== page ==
Clifton crime down by 47 percent

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The nearly 50 percent reduction is in regards to part 1 crimes, which include criminal homicide, rape, robbery, aggravated assault, burglary, larceny-theft, auto theft and arson. 

In order to examine trends in Clifton crime statistics, the University of Cincinnati Police Department categorized part 1 crimes as either violent crimes or property crimes, showing the most drastic reduction in violent part 1 crimes with a drop of 62.2 percent.

UCPD actively patrols the 1.5-mile circumference around campus, using only reports from this region in their compiled crime statistics. In the last five years, UC Public Safety has heightened its efforts to increase safety in the Clifton Heights area.

Public Safety has taken a holistic approach to enhancing safety around campus by focusing on lighting, tree trimming, the institution of surveillance cameras and safety awareness education, according to James Whalen, director of Public Safety.

“We also have as many as 10 to 14 officers on duty patrolling at once during the busy hours,” Whalen said.

He attributes much of the reduction in part I crimes to these increased holistic efforts.

“A few years ago, we were averaging a robbery in our half-mile perimeter around campus, almost one every other day,” Whalen said. “Now, we’ve gone entire 30 day periods without a robbery in our circumference around campus.”

Whalen says that UCPD’s focus is on crime prevention efforts, which stems from studying trends in crime spikes.

“We see every year that we get a little spike because the students came back, and so the crime increases,” he said. “It goes down when students go away for the summer.”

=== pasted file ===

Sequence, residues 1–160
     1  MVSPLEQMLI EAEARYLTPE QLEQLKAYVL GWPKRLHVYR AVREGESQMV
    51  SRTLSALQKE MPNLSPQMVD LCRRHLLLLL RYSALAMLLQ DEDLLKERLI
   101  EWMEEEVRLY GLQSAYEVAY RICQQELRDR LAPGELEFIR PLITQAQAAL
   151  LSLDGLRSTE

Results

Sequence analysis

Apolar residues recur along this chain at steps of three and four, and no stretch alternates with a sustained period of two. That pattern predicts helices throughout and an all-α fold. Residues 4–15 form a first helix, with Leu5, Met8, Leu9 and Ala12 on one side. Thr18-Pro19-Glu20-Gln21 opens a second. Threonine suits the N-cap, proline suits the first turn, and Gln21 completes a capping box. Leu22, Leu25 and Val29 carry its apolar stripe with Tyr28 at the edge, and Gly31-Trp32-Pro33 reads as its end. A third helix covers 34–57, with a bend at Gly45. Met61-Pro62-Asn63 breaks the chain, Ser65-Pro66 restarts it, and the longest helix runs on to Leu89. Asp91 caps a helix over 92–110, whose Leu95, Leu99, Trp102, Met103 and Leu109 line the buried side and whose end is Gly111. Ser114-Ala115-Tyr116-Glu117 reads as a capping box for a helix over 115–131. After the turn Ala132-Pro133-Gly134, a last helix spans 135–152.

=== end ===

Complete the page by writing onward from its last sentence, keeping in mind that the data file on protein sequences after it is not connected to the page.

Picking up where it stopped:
Students are also feeling increasingly safer on campus. Michael Slater, a second-year business finance student, has noticed an increase in patrols around Clifton and feels completely safe in and around his residence off of Clifton Avenue.

“When I first moved down here, I was totally skeptical about danger in Clifton but after three months in my house without any scares, I think it’s very safe,” Slater said.

Slater and his peers feel comfortable enough to walk alone at night if they have to, but still take safety precautions such as walking without headphones and staying off of their cell phones.

Other students admit to feeling unsafe in Clifton alone, but feel entirely safe in large groups.

On the other hand, feeling safe in urban environments may even be partially attributed to a student’s prior living circumstances.

Elijah King is a first-year musical theatre student from Washington D.C. and said he feels generally safe in the Queen City because of his prior urban experience.

“I think the students that are used to environments like this feel more comfortable here,” said King. “But if you come from an area where you haven’t experienced crime or an area that isn’t very urban, you’re probably more afraid of Clifton.” 

UCPD data says part I crime at its lowest since 2001